@ SuperHappyJen: See, my mom is all devastated that I’m an unbeliever too, but not so much because she wants me to have “comfort in loss” (that was just a cheap re-conversion attempt). No, my mom is upset because when she dies I won’t interpret every little thing, every draft on my neck, tickle on my arm, or bird chirping outside my window as “mommy’s spirit trying to talk to me”. She has realized that it will take something a hell of a lot more dramatic and direct to even convince me that something significant is happening, and even then I would have to rule out a number of other options before I would even consider the idea that dear old mom is trying to contact me from beyond the grave. I think she liked the idea that I’d be chopping some carrots in the kitchen or typing on my computer, feel a little draft on my neck, and think “hi there mommy, I love you”, and she’s really upset because it’s finally occurred to her that it’s not likely to happen. Not with me, anyway. I also think she was hoping to show me the error of my ways and rub my nose in my disbelief by coming back as a ghost or an angel, and I’d probably be more inclined to think it a grief-induced psychotic hallucination or some such thing (I’m very migraine-prone).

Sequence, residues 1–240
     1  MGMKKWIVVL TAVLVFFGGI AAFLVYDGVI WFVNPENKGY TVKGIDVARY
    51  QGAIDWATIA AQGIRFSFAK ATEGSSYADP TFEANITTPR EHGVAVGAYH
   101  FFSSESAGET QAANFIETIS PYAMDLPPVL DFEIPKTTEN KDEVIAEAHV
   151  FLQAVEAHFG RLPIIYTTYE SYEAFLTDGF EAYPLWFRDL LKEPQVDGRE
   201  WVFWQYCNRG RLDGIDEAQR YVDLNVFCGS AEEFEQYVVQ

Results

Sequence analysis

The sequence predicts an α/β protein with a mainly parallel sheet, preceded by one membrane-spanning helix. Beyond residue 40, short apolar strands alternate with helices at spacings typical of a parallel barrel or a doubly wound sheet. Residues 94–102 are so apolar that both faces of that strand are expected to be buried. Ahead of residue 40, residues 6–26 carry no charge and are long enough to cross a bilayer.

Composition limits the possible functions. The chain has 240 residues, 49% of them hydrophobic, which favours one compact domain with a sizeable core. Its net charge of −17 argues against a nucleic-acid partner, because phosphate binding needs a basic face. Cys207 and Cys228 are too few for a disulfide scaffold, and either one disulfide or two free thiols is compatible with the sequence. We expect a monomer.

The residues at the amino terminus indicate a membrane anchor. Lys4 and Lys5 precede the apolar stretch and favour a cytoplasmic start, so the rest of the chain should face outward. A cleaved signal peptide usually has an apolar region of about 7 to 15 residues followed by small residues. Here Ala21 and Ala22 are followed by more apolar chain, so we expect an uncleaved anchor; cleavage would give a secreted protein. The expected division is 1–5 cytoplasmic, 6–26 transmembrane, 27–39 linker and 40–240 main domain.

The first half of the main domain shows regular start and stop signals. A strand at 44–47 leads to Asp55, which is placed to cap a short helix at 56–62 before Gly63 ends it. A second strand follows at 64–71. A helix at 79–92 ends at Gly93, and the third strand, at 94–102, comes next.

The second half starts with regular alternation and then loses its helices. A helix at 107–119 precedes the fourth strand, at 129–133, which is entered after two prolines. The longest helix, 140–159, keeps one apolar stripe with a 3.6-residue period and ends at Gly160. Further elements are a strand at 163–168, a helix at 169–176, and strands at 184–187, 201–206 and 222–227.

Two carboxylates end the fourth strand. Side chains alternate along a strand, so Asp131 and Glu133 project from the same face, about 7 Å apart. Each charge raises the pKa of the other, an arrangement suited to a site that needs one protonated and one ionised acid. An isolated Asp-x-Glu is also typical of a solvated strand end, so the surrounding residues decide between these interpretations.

But she gives me the same “militant” line too, with the same double standards. To be considered militant, a believer has to actually kill someone, but for an atheist to be considered militant, all they have to do is admit to atheism. Or write a book. Or post a snarky comment on the internet. Anything other than playing along with the believer’s POV and hiding your atheism as if it really were the venereal disease that the believers see it as. How can believers maintain their staunch faith that their faith makes them better people when you’re standing there being openly atheist and NOT killing half the neighborhood?